Subject: Re: GPL and trademarks and brandnames...
From: Brian Bartholomew <>
Date: Mon, 16 Nov 1998 01:59:46 -0500

> John Gilmore wrote a while ago that freed software functions by
> reducing the transaction cost of contributing to a project.

> Brian is suggesting that increasing the transaction cost is going to
> translate the benefits of freed software into a proprietary
> advantage.

I think both statements are true, but not simultaneously for the same
developer and project.  There are many pathologies of contribution to
freed software; here are a few:

1.	I'm tried of tripping over something, and I'm going to stay up
	all weekend to add a feature or fix a bug.

2.	I'm a student who wants a hobby, and I'm going to code
	something in my spare time for a few months until I get tired
	of it.  Then I'll drop it.

3.	I make my living working with free software.  I have no other
	means of support beyond the revenue I generate from the
	software I write.  My job is to make a product work for real
	customers, and that includes doing the boring stuff, too.

The first statement may be true for #1 and #2, the second for #3.  The
terms needed to incent core developers and bug fixers may be entirely
different.  It may be possible to give a proprietary advantage to core
developers without turning off bug fixers.  I think this is exactly
what the Netscape license tried to do, but missed:

	The cost to join the core developers is too high and the
	benefits are too low: you must become a Netscape employee, but
	you do not share in setting the direction of the project.
	This is where an increase in transaction costs kills the

	The advantage given is too strong.  Bug fixers don't have a
	perception of good value from the core developers they are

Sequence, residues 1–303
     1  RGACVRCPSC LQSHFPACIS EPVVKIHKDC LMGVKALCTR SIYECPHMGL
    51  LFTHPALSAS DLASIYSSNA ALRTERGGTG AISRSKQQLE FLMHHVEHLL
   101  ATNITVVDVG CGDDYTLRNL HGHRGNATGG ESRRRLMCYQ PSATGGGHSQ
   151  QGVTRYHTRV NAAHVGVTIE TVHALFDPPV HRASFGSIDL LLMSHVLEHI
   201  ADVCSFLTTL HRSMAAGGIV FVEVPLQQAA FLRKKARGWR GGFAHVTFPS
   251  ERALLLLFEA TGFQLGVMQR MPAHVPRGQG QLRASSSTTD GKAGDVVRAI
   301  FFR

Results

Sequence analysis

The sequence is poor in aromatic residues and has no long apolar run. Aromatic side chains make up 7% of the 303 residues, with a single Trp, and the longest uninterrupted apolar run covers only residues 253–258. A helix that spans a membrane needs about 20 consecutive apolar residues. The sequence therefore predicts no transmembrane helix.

helping.  Netscape can take the code bug fixers write and sell
	it for arbitrarily large sums without giving them a cut, or
	even giving them the product to use.

Here is a rough outline of license terms to address these concerns:

	If I'm a stranger to the project, I must pay $10 per year per
	unit to use the software.  This money goes to compensate core
	developers.  The core developer company promises to refund my
	$10 pro-rata if it makes more than xx% profit a year, so I
	know my money is going to cover costs and not outrageous
	profits.  Having bought in, I get source, which I can modify
	and redistribute to others who have bought in.

	If I'm a bug fixer, my $10 is waived that year.

	If I contribute enough and the core developers like working
	with me, I may be invited to be a core developer.  Then I get
	paid to continue doing what I'm doing.

What this doesn't address is using part of one project in another
project.  Maybe the core developers could sublicense to another
project under similar terms, but that could lead to spending all the
cycles in the world on license payment computations.

League for Programming Freedom (LPF)
Brian Bartholomew - - - Working Version, Cambridge, MA